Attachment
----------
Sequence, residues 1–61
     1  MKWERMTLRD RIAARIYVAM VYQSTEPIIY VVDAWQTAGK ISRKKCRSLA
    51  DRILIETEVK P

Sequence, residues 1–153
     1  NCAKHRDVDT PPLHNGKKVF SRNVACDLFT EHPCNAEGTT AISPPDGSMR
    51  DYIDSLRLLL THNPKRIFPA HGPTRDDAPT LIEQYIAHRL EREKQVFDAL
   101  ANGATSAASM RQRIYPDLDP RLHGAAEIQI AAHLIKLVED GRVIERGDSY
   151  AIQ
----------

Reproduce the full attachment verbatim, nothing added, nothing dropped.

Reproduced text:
Sequence, residues 1–61
     1  MKWERMTLRD RIAARIYVAM VYQSTEPIIY VVDAWQTAGK ISRKKCRSLA
    51  DRILIETEVK P

Sequence, residues 1–153
     1  NCAKHRDVDT PPLHNGKKVF SRNVACDLFT EHPCNAEGTT AISPPDGSMR
    51  DYIDSLRLLL THNPKRIFPA HGPTRDDAPT LIEQYIAHRL EREKQVFDAL
   101  ANGATSAASM RQRIYPDLDP RLHGAAEIQI AAHLIKLVED GRVIERGDSY
   151  AIQ